May 26, 2015

Soybean Consumption & Production Prospects

The trade has turned its primary attention to the soybean crop being planted across the United States, but that doesn’t mean it has fully discounted last year’s harvest as market maker.


This year the United States Department of Agriculture expects about one-point-eight billion bushels of soybeans will be used within U.S. borders. This is more than last year and it appear USDA is on target with its projection. The pace of domestic crush has steadily picked up as the fiscal year has passed. University of Illinois Ag Economist Darrel Good says the pace needs to pick up a bit more to make the target.

Quote Summary - To reach the USDA projection, the crush during the last four months of the marketing year needs to exceed that of a year earlier by 7.7 percent.

The NOPA crush estimate for May is scheduled for release on June 15, and that’ll offer more insight into domestic usage. The other primary point of usage is the export market for soybeans.

Quote Summary - The USDA projects that U.S. soybean exports during the current marketing year will reach a record 1.8 billion bushels, 9.3 percent more than the previous record of last year. With about 14.6 weeks remaining in the marketing year, cumulative USDA export inspection estimates have reached 1.722 billion bushels. For the first seven months of the marketing year, export inspections tracked Census Bureau export estimates very closely. To reach 1.8 billion bushels for the year, exports during the final weeks need to total about 78 million bushels, or about 5.35 million bushels per week.

The last five weeks have seen exports above 10 million bushels each. It very likely, thinks Darrel Good, that USDA’s export projection for soybeans will be easily met. This brings him to the ending stocks figure, or the number of bushels to be leftover at the end of the fiscal year in September. That number will be calculated and it could result in an adjustment of the size of last year’s crop, and then there is this year’s crop.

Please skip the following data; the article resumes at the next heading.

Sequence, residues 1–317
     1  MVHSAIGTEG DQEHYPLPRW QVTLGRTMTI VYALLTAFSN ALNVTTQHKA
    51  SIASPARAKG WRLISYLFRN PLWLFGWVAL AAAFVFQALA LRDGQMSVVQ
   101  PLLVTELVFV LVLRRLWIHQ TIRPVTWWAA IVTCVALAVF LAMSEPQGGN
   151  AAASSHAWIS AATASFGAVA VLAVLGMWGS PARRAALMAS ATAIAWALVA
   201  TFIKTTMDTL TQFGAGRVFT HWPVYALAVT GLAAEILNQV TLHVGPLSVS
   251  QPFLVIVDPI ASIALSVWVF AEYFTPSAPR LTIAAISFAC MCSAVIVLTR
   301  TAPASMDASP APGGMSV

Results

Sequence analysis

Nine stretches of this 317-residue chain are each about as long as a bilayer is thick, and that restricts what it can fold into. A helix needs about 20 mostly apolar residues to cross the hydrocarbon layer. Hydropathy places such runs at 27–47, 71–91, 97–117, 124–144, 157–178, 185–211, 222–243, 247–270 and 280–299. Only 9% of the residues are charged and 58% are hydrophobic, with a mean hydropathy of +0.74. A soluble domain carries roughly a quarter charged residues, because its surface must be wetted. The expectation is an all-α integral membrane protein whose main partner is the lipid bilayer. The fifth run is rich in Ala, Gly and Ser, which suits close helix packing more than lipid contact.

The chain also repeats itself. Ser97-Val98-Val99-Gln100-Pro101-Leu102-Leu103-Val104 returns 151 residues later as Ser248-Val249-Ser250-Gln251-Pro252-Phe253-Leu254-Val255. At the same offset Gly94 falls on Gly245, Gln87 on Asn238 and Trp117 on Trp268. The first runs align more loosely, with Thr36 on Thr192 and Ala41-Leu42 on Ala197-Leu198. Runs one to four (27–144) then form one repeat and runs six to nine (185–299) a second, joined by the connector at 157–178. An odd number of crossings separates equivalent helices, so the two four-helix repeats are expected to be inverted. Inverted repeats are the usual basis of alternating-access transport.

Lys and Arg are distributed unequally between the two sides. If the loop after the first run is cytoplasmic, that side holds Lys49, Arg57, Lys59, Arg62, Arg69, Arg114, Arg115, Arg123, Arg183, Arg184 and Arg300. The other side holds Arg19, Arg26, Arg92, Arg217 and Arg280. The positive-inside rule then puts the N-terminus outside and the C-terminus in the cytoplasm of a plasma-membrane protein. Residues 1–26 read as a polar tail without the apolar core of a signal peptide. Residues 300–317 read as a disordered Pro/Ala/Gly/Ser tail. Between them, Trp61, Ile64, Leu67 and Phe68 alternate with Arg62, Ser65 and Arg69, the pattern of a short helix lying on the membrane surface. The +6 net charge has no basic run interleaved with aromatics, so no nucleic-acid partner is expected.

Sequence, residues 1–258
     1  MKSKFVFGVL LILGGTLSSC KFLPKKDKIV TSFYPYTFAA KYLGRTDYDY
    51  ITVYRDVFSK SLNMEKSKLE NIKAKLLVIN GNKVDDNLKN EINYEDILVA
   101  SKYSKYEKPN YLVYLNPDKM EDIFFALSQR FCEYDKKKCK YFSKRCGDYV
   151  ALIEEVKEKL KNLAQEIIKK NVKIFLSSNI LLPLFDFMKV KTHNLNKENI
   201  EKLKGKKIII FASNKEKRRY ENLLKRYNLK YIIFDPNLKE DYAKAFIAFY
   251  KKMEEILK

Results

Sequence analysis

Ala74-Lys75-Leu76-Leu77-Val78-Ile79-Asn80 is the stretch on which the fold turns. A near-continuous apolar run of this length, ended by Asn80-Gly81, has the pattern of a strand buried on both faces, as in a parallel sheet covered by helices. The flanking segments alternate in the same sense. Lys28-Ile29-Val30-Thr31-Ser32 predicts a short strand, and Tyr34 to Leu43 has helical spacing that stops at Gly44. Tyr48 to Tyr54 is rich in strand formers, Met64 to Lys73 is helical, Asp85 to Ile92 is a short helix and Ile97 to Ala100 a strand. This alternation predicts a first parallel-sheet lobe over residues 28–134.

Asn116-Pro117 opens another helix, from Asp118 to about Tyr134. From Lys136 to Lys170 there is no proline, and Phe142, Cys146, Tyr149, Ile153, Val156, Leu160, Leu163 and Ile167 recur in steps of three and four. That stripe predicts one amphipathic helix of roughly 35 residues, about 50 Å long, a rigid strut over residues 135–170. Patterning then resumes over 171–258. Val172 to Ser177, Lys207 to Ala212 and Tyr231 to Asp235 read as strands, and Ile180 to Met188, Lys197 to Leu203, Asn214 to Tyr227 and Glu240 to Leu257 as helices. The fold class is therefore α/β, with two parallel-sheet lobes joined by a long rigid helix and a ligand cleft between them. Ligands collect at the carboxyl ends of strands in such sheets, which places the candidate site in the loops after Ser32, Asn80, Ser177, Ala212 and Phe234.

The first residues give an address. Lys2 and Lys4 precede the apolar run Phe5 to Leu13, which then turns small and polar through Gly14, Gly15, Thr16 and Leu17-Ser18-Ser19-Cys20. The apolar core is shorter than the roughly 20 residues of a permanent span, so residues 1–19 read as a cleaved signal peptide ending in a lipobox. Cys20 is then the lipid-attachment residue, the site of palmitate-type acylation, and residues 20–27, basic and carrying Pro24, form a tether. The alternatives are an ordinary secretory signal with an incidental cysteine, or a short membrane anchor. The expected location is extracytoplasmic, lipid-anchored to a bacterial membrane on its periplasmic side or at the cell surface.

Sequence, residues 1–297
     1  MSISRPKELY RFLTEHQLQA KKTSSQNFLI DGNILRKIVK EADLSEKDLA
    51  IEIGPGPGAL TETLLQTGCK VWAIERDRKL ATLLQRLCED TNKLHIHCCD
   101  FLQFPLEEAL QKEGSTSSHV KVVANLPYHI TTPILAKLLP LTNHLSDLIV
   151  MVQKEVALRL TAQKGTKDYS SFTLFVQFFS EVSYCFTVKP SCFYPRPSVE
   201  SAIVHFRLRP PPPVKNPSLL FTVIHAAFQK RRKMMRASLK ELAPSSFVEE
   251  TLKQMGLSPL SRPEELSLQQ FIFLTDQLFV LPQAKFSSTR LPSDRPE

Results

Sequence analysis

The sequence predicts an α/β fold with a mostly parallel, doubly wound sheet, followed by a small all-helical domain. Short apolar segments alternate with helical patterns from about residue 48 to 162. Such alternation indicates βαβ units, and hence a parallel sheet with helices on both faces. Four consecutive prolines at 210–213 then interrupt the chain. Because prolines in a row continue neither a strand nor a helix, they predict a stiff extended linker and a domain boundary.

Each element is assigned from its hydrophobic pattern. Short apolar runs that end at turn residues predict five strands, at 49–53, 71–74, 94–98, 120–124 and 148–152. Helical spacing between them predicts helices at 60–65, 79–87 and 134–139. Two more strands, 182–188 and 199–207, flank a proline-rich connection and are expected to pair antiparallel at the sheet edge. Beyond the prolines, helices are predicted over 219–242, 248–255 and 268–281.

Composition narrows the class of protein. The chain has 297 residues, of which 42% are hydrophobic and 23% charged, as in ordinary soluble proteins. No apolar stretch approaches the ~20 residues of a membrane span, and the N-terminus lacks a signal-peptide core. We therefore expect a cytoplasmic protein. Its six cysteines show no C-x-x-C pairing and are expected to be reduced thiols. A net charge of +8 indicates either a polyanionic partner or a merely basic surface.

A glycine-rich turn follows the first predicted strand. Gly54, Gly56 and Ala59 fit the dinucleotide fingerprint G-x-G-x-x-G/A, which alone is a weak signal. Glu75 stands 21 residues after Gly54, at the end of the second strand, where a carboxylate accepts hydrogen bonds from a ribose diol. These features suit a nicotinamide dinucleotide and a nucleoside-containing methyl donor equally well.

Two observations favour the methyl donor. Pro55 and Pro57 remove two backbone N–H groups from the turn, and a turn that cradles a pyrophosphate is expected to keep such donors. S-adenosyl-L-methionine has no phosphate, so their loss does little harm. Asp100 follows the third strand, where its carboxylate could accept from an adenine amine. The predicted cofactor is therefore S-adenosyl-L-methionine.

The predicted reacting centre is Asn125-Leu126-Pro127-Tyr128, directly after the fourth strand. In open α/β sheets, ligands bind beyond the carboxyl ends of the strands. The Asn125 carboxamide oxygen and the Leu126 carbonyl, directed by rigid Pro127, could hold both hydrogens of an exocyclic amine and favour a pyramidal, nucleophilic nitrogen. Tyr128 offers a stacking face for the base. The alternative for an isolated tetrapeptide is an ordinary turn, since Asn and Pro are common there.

Quote Summary - Until very recently, few concerns have been expressed about the 2015 soybean production season. Planting has proceeded at a pace that exceeds the previous 5-year average pace and expectations have been for acreage to exceed intentions reported in the USDA’s March Prospective Plantings report. The recent weather pattern, however, has generated a few issues. In particular, the area of extreme rainfall amounts in Texas and Oklahoma that extends into southern Kansas and parts of Arkansas have raised a few concerns about the timeliness of planting and the potential for some prevented planting. The focus is on Kansas due to the combination of the slow pace of planting (17 percent as of May 17) and the magnitude of soybean acreage (3.8 million) intended to be planted in that state.

For the U.S as a whole, there is some measurable yield loss as the percentage of the crop planted after May 30 increases. For the period from 1986 through 2014, the percentage of the crop planted after May 30 has ranged from nine percent (2012) to 66 percent (1995) and averaged 34 percent. With 45 percent of the crop reported planted as of May 17, the percentage of the crop planted after May 30 this year will not likely exceed the average of the previous 29 years due to the rapid pace of planting in northern growing areas. The impact, if any writes Darrel Good in his Weekly Outlook posted online to Farm Doc Daily, of the extreme wetness on the magnitude of planted acreage of soybeans should be revealed in the USDA’s June 30 Acreage report.


May 21, 2015

Anticipating Changes in Corn & Soybean Acreage

Twice a year USDA tries to officially predict how many acres of corn and soybeans U.S. farmers will plant. Todd Gleason has more on the anticipated changes this year as we move from the March Prospective Plantings survey to the June Acreage report.


May 15, 2015

Farmland Income for 2015

Farmers across the Corn Belt are going to make a lot less money this year than they have in the past. And, if something doesn’t change, things may be even worse next year.


May 09, 2015

First Day First Field Farmer

USDA describes Pat Whalen as a new and beginning farmer. We think he's just having fun planting his first farm field ever.


University of Illinois College of Law
May 05, 2015

The Flash Crash and the Hound of Hounslow

The U.S. markets went into free fall in May of 2010 dropping 6 percent in minutes, and then bouncing mysteriously back. There was a sense that the machines were out of control during this "Flash Crash".  Five years later, US criminal authorities and financial regulators are pointing the finger at a lone trader. Verity Winship tells us more about the case against the “Hound of Hounslow”.


May 04, 2015

Can Herbicide of Choice Still be Used Post Planting

The fast pace of corn planting in the state of Illinois has farmers and chemical applicators racing one another across the fields. University of Illinois Extension Weed Scientist Aaron Hager has this advise for farmers wondering what to do if the corn was planted before their residual herbicides were applied.


You may read Aaron Hager's thoughts on weeds and herbicides on The Bulletin website.


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